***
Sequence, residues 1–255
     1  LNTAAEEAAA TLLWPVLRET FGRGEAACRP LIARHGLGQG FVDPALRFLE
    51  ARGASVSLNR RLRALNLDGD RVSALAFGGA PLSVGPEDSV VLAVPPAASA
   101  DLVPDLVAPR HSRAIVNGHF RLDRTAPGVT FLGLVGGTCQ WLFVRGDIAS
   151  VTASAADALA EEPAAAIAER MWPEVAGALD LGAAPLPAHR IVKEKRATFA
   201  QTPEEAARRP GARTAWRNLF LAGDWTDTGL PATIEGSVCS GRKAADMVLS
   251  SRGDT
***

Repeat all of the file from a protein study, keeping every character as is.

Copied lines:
Sequence, residues 1–255
     1  LNTAAEEAAA TLLWPVLRET FGRGEAACRP LIARHGLGQG FVDPALRFLE
    51  ARGASVSLNR RLRALNLDGD RVSALAFGGA PLSVGPEDSV VLAVPPAASA
   101  DLVPDLVAPR HSRAIVNGHF RLDRTAPGVT FLGLVGGTCQ WLFVRGDIAS
   151  VTASAADALA EEPAAAIAER MWPEVAGALD LGAAPLPAHR IVKEKRATFA
   201  QTPEEAARRP GARTAWRNLF LAGDWTDTGL PATIEGSVCS GRKAADMVLS
   251  SRGDT